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Urban Meyer to remain as Ohio State’s head coach, but suspended for first three games without pay

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Exactly three weeks after being forced to the sidelines, Urban Meyer is back.  Eventually.

Following an executive session of its Board of Trustees that lasted nearly a dozen hours, Ohio State announced Wednesday night that Meyer will be retained as the Buckeyes’ head football coach.  However, Meyer will be suspended, without pay, for the first three games of the 2018 season.

The suspension means that Meyer will be sidelined for games against Oregon State, Rutgers and TCU.  He will be eligible to return for the Sept. 22 game against Tulane.

Meyer will also be suspended through Sept. 2.  That suspension will prevent the coach from taking part in the Buckeyes’ preparations for the season opener against the Beavers Sept. 1.  He will, however, be permitted to take part in all football activities leading up to the Rutgers and TCU games, including practices, player meetings, coaches meetings, etc.

Additionally, athletic director Gene Smith will serve a suspension from Aug. 31 through Sept. 16.  His suspension will be without pay as well.

The investigative team, which presented its findings to the university’s Board of Trustees informally Monday and then formally during the marathon executive session Wednesday, concluded that “[a}lthough Coach Meyer made significant misstatements about his knowledge of the 2015 events relating to Zach Smith and his former wife at the Big Ten Media Days, they were not part of a deliberate cover-up effort to keep Zach Smith on the coaching staff in the face of evidence of domestic violence by him that Athletic Director Smith and Coach Meyer credited.”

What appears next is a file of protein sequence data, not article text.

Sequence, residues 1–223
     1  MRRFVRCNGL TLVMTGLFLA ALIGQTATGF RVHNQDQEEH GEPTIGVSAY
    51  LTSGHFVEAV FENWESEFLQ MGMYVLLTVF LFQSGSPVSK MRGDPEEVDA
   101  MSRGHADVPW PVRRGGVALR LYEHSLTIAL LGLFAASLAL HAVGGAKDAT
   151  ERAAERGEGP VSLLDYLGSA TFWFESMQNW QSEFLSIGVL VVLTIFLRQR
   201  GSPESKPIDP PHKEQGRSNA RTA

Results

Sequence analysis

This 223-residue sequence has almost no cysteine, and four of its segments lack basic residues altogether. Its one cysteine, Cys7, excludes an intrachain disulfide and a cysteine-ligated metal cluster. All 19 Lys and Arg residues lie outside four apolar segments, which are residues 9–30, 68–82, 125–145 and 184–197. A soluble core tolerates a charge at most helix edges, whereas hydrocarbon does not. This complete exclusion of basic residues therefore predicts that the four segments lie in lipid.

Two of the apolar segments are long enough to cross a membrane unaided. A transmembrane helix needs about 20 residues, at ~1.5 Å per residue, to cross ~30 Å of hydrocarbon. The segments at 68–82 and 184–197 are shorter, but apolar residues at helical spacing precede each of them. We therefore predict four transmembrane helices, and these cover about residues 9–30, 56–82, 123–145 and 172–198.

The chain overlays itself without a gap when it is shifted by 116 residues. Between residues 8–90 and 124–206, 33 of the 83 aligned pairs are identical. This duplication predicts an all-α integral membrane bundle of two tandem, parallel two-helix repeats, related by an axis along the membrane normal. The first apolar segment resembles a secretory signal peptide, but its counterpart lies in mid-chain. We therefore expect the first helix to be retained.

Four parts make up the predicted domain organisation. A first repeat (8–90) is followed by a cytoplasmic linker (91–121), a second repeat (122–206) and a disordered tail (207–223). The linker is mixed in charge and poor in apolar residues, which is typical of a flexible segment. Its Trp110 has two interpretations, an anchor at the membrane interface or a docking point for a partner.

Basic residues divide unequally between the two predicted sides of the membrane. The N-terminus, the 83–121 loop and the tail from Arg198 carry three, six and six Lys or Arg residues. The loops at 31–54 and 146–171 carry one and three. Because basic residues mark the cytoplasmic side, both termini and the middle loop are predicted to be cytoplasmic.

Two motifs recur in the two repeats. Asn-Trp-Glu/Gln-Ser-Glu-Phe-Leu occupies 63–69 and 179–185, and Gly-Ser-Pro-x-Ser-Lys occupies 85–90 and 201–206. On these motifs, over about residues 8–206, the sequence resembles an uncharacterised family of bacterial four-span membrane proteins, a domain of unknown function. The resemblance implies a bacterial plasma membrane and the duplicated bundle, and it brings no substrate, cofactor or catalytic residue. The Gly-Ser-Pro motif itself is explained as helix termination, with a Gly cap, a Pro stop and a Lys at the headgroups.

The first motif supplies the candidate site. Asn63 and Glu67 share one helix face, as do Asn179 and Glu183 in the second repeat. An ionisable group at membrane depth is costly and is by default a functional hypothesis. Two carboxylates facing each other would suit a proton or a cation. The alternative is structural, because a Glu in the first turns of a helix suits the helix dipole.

The report presented to the board, which consisted of 40 witness interviews and the review of “over 60,000 e-mails and 10,000 text messages,” also concluded that “Coach Meyer has ‘a sincere commitment to the Respect for Women core values that he espouses and tries to instill in his players.'”

From the report:

The Independent Counsel also concluded that Coach Meyer would not hesitate to terminate any coach if spousal abuse was established:

“We believe [Coach Meyer] as did Zach Smith, that if [Coach Meyer] ever came to learn or believe that Zach Smith had physically abused his wife, Coach Meyer would have fired Zach Smith or any other coach on the spot.

In a prepared statement before taking questions from the media, Meyer acknowledged that his loyalty to Earle Bruce, who Meyer considers the most influential male in his life after his father, impacted his judgment when it came to the assistant coach who is the grandson of the former OSU head football coach.

“I followed my heart and not my head,” Meyer stated. “I fell short in pursuing full information because at each juncture I gave Zach Smith the benefit of the doubt.

“As I reflect, my loyalty to his grandfather Earle Bruce, who was my mentor, likely impacted how I treated Zach over the years. I did not know everything about Zach Smith, what Zach Smith was doing and I am pleased that the report made this very clear.